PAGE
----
We headed back to the estate house and I ate straight away. I then smoked and said hello to the dogs and donkeys. The donkeys always make their way towards me. I don't know why they're so fond of me, I don't feed them. I just lavish them with lots of affection. Perhaps, donkeys need love too? We then crashed for an hour. Getting up at stupid o'clock had taken it's toll.

My brother, after a cup of coffee, put on his overalls and went out to see to the estate. I grabbed a beer, swung in the hammock and listened to the parrots quarrelling in the trees. Late afternoon, they fly back to their homes in twos and threes squawking as they go, a parrot is by no means a quiet bird. I can't tell you the feeling of bliss, contentment even.

Promptly broken by my brother demanding I go with him into The Bush. So I did. He'd collected tiny teak seedlings in their little black bags, ready to be planted out in the field. He asked me to put them out on some newspaper and fluff them up, as they'd been squashed in the two buckets. I then had the joy of explaining to my prim and proper brother what a 'fluffer' was. I'm happy to say that the seedlings were fully erect when I'd finished! :-)

We packed up and headed off to the beach. I'd been looking forward to the swim for hours and hours. Bliss. Real bliss. The water was fantastic, the beer cold, the company excellent. I had a fantastic day. The kind of day that lives on. I realised after I started blogging, that yesterday we made a circuit round the island, we headed south to San Fernando, east to Mayaro, and then north and west to get home again. No wonder my brother is knackered today.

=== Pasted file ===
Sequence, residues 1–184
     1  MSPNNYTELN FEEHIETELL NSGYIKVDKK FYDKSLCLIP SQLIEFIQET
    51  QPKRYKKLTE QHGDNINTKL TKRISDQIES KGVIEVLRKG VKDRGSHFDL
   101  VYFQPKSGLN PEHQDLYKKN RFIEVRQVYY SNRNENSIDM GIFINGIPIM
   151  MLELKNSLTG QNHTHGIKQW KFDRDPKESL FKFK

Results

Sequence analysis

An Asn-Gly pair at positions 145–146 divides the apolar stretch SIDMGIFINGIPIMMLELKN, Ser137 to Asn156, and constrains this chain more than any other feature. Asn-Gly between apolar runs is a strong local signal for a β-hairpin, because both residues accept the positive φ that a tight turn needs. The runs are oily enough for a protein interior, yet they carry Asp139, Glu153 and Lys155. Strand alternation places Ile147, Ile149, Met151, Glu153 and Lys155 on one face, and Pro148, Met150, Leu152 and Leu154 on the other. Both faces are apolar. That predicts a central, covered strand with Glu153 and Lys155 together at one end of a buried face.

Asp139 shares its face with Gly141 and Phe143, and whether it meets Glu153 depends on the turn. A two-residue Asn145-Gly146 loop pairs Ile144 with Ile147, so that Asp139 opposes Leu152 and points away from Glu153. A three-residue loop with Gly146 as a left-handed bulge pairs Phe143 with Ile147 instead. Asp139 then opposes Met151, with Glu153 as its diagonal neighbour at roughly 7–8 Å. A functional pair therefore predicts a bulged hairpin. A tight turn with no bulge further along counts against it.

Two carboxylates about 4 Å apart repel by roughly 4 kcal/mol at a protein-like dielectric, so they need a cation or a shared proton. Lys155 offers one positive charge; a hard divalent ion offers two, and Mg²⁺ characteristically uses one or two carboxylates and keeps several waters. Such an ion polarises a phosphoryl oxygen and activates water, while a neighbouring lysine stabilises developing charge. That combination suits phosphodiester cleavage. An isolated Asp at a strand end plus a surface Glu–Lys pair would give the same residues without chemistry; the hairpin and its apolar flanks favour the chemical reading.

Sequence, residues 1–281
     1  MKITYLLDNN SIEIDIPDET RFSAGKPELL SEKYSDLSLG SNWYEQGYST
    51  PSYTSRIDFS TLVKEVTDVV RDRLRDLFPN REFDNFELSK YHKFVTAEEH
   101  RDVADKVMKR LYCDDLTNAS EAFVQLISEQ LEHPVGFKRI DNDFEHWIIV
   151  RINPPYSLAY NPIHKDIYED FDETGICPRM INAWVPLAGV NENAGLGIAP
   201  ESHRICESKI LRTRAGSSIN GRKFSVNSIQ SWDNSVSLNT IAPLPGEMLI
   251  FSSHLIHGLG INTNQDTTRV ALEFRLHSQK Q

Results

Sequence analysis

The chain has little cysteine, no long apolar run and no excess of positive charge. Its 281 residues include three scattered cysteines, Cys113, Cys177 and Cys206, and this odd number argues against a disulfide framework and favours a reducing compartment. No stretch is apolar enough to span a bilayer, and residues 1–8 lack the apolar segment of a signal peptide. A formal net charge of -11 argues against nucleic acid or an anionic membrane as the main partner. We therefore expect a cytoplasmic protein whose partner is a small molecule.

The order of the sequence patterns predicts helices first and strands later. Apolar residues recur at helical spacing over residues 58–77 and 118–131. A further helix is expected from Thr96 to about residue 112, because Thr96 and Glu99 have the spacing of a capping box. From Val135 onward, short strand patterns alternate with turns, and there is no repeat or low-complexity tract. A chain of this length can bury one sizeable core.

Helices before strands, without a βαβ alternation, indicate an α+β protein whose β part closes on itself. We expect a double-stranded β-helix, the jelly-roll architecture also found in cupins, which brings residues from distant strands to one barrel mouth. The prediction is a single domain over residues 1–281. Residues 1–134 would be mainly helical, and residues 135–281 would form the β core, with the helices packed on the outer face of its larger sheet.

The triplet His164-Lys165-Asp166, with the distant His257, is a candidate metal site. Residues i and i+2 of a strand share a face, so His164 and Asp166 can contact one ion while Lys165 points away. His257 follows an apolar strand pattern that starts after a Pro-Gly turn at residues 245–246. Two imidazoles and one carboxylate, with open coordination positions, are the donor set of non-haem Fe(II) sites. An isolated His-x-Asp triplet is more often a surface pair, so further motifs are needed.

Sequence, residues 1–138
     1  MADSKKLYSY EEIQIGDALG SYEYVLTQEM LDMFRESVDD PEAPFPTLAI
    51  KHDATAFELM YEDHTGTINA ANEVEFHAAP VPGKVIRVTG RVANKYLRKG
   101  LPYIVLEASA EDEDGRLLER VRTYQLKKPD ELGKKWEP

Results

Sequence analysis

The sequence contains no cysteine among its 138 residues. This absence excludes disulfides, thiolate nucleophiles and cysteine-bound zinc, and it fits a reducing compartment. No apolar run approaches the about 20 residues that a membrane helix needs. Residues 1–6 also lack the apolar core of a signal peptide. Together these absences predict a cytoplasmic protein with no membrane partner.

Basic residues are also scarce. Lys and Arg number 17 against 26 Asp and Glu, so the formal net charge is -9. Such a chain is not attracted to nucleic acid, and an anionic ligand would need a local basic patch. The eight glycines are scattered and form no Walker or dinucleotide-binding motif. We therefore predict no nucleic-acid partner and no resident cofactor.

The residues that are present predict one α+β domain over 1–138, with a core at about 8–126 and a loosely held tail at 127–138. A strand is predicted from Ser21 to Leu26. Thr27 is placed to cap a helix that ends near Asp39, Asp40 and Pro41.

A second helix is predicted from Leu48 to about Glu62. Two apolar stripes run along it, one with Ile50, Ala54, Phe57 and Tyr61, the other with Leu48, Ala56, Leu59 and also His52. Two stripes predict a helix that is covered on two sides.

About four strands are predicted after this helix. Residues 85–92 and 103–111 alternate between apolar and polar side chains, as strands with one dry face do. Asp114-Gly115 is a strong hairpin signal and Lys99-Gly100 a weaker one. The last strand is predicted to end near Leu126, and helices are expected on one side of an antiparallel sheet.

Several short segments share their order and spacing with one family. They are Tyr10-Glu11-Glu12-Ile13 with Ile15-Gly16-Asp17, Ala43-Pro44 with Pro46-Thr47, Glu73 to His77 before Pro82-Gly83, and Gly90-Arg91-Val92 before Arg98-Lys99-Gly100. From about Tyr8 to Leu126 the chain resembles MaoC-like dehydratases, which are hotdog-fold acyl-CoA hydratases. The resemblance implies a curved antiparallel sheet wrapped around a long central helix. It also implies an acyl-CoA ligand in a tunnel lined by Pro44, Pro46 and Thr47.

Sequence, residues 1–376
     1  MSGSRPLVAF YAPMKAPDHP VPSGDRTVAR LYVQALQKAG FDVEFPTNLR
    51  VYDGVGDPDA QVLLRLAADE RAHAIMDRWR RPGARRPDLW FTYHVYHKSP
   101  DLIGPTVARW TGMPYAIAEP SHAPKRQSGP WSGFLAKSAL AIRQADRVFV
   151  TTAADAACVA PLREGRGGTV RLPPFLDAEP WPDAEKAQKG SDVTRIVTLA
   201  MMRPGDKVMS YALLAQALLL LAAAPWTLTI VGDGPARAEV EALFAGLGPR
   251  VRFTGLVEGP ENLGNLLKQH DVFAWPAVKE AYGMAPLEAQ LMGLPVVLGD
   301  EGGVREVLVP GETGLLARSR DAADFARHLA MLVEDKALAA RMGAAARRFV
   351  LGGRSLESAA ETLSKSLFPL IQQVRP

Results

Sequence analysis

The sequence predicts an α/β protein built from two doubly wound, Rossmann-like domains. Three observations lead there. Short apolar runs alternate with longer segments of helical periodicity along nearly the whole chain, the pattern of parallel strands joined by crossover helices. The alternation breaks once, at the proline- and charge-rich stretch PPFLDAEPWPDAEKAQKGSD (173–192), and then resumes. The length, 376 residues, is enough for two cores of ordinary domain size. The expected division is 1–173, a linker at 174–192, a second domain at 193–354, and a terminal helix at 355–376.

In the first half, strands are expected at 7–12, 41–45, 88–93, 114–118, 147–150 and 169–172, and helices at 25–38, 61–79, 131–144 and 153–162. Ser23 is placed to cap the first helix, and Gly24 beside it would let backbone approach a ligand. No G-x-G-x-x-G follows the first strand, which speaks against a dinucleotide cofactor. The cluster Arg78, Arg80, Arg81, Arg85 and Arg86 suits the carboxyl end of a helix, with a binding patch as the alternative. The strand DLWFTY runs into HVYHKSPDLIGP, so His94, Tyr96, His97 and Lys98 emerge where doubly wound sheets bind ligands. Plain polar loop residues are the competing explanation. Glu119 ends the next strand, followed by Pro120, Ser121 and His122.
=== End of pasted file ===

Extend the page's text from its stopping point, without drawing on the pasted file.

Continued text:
Comments

  1. "donkeys need love too?"

    Certainly! It's wonderful that you and the donkeys have found one another.

    ReplyDelete
  2. xl ~ it's the start of a beautiful romance. Unfortunately, they're both female and four-footed, but hey, beggars can't be choosers.

    ReplyDelete
  3. Well obviously apart from the sun, sea, donkeys, food, hammocks and SUN there's no reason to be for me to be jealous.
    ..None.

    ReplyDelete
  4. macy ~ you made me laugh. Thank you my dear.

    Had you not had your experience of grief and death earlier this year, I'd invite you down. But frankly, I think you've probably had quite enough of that.

    Instead, we'll just have to arrange to come out another time.

    ReplyDelete
  5. 63mago (not allowed in by blogger)11:57 pm

    Hope the gouvernment man is satisfied and there are no troubles to be expected. Just saying.

    ReplyDelete
  6. mago ~ we'll see whether the Government Man can do what he says he'd like to do. Bureaucracy down here...it's like a large onion. Lots of layers, makes your eyes water as you try to unwrap it.

    ReplyDelete
  7. Be assured Roses, this is not a tropical problem.

    ReplyDelete
  8. mago ~ ain't that the truth!

    ReplyDelete
  9. [off topic]

    Ordered Jamaican Jerk Ribs for lunch today. Does Trinidad (or Tobago, obv.) have any similar spicy dishes?

    ReplyDelete
  10. xl ~ we have all kinds of spicy stuff. Trini cooking involves a lot of garlic, ginger and peppers. Not enough space to discuss here. But when you have the right person cooking...om nom nom.

    ReplyDelete